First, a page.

On June 6th 2007, Jonathan launched his campaign at the Office Park in Westlands. The launch was bankrolled by his friends and supporters in America. He has already made two fund-raising tours, in March and July this year, of the USA. In July, particularly, he appointed a campaign team that will set him up with a 10 cities in 2 weeks tour of the USA and that will also raise funds through merchandising. At present, Mueke also has a full time supporting staff of five whose salaries are paid for from a pool into which a group of his friends have committed to contribute 10,000 Kshs a month.

10,000 Kshs a month? I marvel…this guy is a year younger than me and I know that, speaking for myself and many other Kenyans my age, I would be hard pressed to raise a crowd of one to commit 5,000 Kshs a month.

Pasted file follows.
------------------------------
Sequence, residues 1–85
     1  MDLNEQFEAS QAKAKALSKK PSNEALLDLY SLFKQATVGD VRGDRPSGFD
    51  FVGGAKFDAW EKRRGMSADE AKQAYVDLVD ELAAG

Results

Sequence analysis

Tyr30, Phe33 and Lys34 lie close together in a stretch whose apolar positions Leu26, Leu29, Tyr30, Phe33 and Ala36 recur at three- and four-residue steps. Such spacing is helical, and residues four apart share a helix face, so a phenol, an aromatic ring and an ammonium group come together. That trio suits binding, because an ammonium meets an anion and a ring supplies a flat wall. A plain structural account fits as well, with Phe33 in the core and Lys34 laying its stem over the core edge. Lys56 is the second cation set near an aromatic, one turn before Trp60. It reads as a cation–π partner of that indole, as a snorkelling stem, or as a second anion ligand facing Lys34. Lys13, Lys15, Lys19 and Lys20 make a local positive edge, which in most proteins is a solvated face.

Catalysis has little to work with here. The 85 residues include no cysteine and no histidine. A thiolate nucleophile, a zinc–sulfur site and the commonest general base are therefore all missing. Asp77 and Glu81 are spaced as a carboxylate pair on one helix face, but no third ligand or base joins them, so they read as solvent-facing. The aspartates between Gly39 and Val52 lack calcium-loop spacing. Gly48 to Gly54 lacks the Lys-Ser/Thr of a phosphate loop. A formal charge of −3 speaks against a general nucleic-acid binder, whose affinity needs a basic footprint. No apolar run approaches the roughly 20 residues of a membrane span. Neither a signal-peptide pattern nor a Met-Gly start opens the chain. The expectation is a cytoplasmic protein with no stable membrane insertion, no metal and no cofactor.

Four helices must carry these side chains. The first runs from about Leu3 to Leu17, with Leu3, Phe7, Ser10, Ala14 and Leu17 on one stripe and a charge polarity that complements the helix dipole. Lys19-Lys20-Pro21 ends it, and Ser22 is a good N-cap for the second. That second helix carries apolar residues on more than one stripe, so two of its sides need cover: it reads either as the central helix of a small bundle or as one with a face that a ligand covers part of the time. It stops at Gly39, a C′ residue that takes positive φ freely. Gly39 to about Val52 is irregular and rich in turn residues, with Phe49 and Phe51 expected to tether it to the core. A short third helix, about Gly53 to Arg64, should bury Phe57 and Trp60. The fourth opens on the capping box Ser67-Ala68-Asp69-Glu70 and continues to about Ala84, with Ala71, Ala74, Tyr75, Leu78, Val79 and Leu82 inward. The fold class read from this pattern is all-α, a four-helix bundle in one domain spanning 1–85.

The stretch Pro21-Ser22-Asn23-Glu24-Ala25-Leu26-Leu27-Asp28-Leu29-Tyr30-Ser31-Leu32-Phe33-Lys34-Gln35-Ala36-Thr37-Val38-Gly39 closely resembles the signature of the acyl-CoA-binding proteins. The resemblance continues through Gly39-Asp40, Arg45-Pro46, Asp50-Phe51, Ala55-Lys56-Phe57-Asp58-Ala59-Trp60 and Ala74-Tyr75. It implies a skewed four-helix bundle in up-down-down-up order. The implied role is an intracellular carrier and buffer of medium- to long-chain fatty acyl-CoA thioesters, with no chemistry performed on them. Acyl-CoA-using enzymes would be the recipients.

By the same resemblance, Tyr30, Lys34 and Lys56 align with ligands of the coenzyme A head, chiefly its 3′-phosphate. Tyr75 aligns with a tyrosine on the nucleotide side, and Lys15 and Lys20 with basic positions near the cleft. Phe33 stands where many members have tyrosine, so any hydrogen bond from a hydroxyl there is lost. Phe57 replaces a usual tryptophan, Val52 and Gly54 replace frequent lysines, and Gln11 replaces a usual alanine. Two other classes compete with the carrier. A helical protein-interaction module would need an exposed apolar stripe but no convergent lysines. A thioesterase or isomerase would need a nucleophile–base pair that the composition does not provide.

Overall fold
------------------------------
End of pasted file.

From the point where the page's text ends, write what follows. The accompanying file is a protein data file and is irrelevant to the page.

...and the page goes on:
Jonathan, who frowns upon the use of an aspirant’s private funds in financing their campaign, sees the cash and kind resources he has received as investments rather than donations. He opines that the contribution towards his campaign by individuals and communities is suggestive of their willingness to invest in his vision for better governance rather than a token of empathy.

Particularly endearing though is the existence, in his campaign, of volunteers. In Kenya people do not volunteer their time and effort to election campaigns. For a significant majority of Kenyans, the electioneering period is their only opportunity to get that odd five hundred shillings here and that bag of unga there.